A Story about Writing Stories

Mary Muirhead

At Sister Triangle, we are always encouraging people to write – with mixed motives, I’ll admit. Besides sharing the joy that each of us Books
experiences when we write for our readers, we are constantly on the lookout for new voices, because each voice is unique, just as each story is unique.

Words provide the glue that binds family and friends together over great distances and over the years. I’m thankful for the many local history books that have been published here on the prairies, and as I get older, and hang out more with my grandchildren, I want them to know and appreciate the stories that belong to our family, our culture, and our faith.

A family story: my mother used to talk about her Aunt Oline (pronounced Olina), married to Onund, her mother’s brother. Mother was the youngest, and the shyest, of the three Jelsing girls, and Aunt Oline really believed that our grandmother should have given mother to her, because she had no children. Grandma Jelsing would have none of it. Mother was definitely Aunt Oline’s favourite, and she died the day before mum married our dad, of whom she did not approve. I’m not sure of the point of that story. Maybe, it’s about family attitudes at the turn of the last century. Maybe, it’s about choices. Nevertheless, I am intrigued by it, as mother told it, and I roll it around in my mind.

A thoughtful story
not too long before retreat this year I received a note out of the blue, as we say. It was written by a sister with whom we had worked at Western Christian College, and whom I had known as a young girl. She was/is one of the beautiful Morgan girls from Carman, Manitoba. She told of having a book on her shelf for many years. It was my father’s “Life” of the apostle Paul, written all in poetry; which was why she said it had been sitting so long on the shelf.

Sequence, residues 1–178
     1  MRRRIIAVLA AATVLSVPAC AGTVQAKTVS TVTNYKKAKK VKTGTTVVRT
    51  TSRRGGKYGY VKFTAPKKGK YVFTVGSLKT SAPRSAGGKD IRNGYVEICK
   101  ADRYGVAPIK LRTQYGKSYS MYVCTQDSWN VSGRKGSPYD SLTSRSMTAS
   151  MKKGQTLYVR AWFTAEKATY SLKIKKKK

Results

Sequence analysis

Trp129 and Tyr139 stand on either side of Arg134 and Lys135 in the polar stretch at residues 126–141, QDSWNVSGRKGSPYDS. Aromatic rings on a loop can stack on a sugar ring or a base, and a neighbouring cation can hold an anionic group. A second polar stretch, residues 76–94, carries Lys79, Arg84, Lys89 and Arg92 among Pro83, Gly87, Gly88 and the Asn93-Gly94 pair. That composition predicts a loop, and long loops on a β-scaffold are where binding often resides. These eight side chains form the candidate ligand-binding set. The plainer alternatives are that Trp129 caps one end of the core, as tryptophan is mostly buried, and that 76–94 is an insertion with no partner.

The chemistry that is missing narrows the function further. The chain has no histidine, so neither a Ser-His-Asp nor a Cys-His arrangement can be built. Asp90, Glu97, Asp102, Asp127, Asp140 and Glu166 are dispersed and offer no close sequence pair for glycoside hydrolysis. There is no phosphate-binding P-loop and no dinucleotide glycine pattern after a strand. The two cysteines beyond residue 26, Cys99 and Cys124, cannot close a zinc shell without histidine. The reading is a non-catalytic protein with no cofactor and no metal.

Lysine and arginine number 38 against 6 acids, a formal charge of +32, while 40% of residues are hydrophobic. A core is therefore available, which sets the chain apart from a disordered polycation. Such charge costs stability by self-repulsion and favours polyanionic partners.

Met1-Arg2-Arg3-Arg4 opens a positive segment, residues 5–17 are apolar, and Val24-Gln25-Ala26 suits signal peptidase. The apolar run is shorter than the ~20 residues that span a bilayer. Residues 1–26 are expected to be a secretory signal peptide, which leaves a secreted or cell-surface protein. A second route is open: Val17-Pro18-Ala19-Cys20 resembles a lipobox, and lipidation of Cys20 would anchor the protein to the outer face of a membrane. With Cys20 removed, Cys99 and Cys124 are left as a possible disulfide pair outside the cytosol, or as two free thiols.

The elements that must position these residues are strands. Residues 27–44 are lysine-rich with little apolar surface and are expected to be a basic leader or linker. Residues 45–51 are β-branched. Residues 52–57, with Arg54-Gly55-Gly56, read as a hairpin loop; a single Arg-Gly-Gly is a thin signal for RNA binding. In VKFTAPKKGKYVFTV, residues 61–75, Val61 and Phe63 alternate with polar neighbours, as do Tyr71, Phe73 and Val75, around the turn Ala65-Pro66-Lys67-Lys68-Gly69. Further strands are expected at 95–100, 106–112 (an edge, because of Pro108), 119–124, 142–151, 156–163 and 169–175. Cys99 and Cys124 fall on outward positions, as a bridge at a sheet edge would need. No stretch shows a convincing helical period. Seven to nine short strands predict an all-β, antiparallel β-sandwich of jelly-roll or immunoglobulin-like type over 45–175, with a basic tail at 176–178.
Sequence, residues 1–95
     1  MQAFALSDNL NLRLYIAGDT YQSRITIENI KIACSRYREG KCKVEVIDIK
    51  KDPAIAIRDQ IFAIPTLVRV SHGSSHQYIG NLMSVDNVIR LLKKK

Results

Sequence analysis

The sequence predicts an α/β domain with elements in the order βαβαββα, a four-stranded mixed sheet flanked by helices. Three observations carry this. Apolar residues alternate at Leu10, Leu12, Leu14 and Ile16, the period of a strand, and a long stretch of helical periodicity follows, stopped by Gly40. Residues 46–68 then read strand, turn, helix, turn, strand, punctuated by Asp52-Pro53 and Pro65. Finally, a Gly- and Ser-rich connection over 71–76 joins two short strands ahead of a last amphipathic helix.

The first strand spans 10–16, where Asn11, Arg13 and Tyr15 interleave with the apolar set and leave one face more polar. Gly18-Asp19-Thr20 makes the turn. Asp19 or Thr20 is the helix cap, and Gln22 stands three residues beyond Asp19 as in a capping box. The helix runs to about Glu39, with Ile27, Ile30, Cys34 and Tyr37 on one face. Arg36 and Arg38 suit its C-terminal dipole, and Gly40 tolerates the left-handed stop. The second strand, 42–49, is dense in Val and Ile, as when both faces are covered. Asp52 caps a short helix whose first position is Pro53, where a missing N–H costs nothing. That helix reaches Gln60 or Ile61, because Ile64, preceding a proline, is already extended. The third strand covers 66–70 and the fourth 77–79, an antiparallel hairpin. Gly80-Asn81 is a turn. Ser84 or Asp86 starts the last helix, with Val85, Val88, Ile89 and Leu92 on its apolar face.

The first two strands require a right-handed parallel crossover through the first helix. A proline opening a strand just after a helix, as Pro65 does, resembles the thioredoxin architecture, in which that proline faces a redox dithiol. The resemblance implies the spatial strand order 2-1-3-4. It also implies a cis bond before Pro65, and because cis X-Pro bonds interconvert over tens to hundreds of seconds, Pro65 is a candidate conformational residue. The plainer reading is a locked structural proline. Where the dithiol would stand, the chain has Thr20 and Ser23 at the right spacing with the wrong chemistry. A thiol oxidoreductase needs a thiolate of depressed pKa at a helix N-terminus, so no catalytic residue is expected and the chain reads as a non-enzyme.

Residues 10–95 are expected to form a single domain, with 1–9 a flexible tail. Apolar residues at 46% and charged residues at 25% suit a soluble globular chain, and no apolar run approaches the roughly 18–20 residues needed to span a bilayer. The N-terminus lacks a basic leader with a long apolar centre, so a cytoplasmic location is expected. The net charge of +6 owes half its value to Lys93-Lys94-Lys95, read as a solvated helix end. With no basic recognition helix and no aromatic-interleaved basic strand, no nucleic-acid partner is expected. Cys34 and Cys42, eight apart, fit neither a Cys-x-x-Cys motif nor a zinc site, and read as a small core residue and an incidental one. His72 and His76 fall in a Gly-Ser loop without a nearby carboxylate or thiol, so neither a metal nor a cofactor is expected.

Nevertheless, she took down the book, found it easy to read, and enjoyed it. Then she picked up her pen and wrote me a note telling how she enjoyed it. What a sweet thing to do! I felt blessed by her memory of my dad, and her thoughtfulness. The gratitude I felt, however, was mixed with respect for my friend who actually practised what I preached! By way of thanks, I need to do better.

A success story: when I was in school, there was this girl. I always felt inadequate around her, although I was, even then, quite sure that she didn’t intend to do so. It just continued to bug me, even though our paths have never crossed since that time. I would think about her and wonder what was the matter with me to make her look down on me? To be fair I can only consult my own feelings. She may not have felt critical at all, but I have to deal with my feelings, whether they are irrational or not.

So I thought, “Why don’t I write about it?” I grabbed a pen and sat down for a half hour, examining my memories, and bringing up my past insecurities to see if I could make sense of them – which I didn’t do. But I did something better; I realized that I don’t need to understand, I am just fine as I am right now! In fact I feel a little silly sharing this story; the solution was so simple.

A challenging story: are you up for a challenge? It’s guaranteed not to be painful, or take up too much of your time. The minutes pass quickly, and you stop after a twenty-minute session.

For 20 years or so, Dr. James W. Pennebaker, a professor in the Department of Psychology at the University of Texas at Austin, has been giving this assignment:

Write down your deepest feeling about an emotional upheaval in your life for 15 or 20 minutes a day for four consecutive days.

Those who do this writing exercise profit from it in many areas of their lives. Their overall health improves, their marks improve, and even their immune systems perform better.

You can read more about Dr. Pennebaker by googling ‘Writing to Heal’. There is a lot of similar information online, some very close to home. The Saskatchewan Writers Guild has partnered with Canadian Mental Health Association to create a program called “Write for Your Life”. It is headed up by the professor and author Dr. Ted Dyck, the “Word Doctor”.

An encouraging story: at a not-so-long-ago consultation with the above mentioned Word Doctor, he was very impressed with our magazine, its motto, and the fact that we had been publishing it successfully for so many years. I think we may take a moment to be proud of our efforts, and our relationships as sisters. Well done all! Let us not grow weary in well doing.

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